You are not alone in the forest

Often we walk in the forest in the hope of spotting some wild animals. We read stories and see movies where the people encounter tigers, elephants, bears and deer. It is not that simple though. In general, wild animals like to stay away from human beings and tend to stay out of sight. So when we take a walk in the forest, you end up seeing “nothing”.

Walking in the forest is a sensory experience where you are not only intently looking for movements and sounds, but also smells and signs that might otherwise go amiss. One of the most obvious signs to look for in the forest are animal tracks or as we call for some animals- pugmarks, paw prints/marks etc. Areas close to water bodies are great places to search for animal tracks.

Image: Pugmarks near a water body at BR Hills,
November 2008

The excessively moist soil which is soft and mushy manages to capture the foot tracks in an almost preserved way.

Image: The naturalist who accompanied us told us that these were fresh pugmarks of a tiger and we probably missed it by 10 mins.

Another obvious sign to look out for in the forest are scats. (I think its now been over a decade where my friends and family have accepted my uncanny obsession over clicking photos of scats (poops!) where ever I travel). For me, spotting scats is equally exciting.

Image: Sloth bear scat from Topslip, Tamil Nadu
(December 2016)

In fact, animal scats/ poops/ dungs are a telling evidence not only of its presence in the forest but also of what may be its diet.

Image: Otter spraint near a forest waterfall in Goa. The spraint indicates that the otter feeds on some fresh water crustaceans.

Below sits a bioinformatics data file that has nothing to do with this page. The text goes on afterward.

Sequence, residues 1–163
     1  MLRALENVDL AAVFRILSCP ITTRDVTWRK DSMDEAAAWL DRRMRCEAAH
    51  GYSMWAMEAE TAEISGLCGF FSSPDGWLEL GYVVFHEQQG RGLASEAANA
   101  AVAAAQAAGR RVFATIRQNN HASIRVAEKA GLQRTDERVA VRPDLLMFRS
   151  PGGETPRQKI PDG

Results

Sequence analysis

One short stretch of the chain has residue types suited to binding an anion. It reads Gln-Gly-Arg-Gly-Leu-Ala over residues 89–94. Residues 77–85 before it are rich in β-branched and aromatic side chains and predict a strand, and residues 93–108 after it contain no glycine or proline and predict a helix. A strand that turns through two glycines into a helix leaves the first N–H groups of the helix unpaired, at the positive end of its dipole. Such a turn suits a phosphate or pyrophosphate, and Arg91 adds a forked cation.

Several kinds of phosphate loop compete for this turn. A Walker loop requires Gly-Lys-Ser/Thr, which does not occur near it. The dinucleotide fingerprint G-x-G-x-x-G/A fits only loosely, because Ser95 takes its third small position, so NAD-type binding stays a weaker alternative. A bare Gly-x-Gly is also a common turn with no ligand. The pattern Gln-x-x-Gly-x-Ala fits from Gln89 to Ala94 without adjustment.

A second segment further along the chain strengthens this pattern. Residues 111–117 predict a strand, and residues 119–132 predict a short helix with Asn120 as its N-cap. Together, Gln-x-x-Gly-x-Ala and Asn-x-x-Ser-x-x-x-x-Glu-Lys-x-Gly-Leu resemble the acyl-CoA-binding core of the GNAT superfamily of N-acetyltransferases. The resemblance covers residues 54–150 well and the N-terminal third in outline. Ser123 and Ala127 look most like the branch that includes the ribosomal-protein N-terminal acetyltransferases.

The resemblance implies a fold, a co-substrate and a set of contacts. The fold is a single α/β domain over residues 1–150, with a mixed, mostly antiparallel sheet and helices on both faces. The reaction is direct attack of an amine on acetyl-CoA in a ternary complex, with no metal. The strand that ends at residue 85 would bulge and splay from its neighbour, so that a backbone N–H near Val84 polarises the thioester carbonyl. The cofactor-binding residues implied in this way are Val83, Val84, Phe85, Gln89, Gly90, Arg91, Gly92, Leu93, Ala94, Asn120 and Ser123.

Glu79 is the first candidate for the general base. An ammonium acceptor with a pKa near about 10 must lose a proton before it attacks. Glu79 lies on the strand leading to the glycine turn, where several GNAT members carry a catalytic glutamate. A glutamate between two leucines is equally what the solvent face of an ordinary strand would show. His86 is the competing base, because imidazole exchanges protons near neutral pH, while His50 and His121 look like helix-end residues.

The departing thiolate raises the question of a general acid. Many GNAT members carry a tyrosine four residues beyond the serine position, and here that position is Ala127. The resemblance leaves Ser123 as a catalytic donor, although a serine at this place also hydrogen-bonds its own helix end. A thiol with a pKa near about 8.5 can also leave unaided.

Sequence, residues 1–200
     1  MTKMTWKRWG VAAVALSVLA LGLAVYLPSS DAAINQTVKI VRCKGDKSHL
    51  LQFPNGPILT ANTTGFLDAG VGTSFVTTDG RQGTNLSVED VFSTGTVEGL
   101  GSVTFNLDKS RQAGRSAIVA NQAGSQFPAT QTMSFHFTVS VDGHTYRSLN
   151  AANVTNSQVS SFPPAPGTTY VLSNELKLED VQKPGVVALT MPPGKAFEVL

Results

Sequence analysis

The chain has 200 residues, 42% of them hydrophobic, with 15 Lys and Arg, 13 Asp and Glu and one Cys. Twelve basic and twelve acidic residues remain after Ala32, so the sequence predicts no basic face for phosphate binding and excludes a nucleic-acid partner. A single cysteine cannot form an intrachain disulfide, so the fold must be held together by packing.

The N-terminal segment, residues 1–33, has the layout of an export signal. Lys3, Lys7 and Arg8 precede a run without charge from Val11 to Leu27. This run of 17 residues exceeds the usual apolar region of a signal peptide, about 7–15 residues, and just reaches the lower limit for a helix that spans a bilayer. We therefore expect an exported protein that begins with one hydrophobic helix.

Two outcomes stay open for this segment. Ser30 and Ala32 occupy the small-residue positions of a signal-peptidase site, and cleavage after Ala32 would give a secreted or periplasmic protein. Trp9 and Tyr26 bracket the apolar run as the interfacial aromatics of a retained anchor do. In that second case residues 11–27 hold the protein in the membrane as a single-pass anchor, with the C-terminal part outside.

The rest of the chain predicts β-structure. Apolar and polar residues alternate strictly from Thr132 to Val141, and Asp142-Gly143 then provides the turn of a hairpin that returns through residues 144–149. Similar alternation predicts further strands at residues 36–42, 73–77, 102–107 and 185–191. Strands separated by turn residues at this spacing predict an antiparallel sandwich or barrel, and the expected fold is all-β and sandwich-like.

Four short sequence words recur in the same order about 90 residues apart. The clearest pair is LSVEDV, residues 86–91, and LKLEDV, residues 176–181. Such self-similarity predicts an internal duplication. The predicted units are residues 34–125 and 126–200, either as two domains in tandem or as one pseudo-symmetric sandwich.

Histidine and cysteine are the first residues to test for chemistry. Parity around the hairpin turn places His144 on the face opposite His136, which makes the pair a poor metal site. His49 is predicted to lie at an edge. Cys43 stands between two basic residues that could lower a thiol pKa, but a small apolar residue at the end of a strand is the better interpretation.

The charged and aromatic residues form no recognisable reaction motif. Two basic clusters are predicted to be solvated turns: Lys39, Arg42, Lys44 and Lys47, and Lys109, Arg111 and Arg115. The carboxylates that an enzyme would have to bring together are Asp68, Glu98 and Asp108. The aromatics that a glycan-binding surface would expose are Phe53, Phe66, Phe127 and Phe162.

Animal tracks and scats also serve as a good warning signal for us, when we are probably too close for comfort!

Image: Elephant foot prints at Dehing Patkai National Park, Assam, 2021
Image: And not so far ahead, we saw some fresh elephant dung. This was our sign to turn back for we were not keen to stumble upon a herd of elephants.

Apart from these, we can look for animal trails (paths that animals may have used), scratch marks on the tree barks or even sometimes pay attention to peculiar smells around us, or listen to alarm calls of some animals like langurs or deer.

Sometimes, you also come across a scatter of evidence which feels like an unsolved murder mystery. What happened here?

Image: Lots of Porcupine quills on the road. Valparai, December 2016.
Image: Clearly something happened. Why would we find so many quills in one place?

If the porcupine was killed by a speeding car, where is the body or the blood trail? Did another animal scavenge it? Perhaps a leopard attacked a porcupine here and then dragged it away. The amount of quills on the road indicates that some struggle ensued. We did not spot any wild animal on this trail either… but hey ..we know there are porcupines here for sure now!

Anyways, long story short: we will probably go for many many forest walks and spot no wild animals. But such signs (as mentioned above) surely let us know that we are not alone in the forest. We might not see the animals, but they are there. And what is more exciting is that those animals probably got a good look at you whether you saw them or not!

Nature Observations

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My name is Adithi Muralidhar. I am a nature enthusiast based in Mumbai, India.

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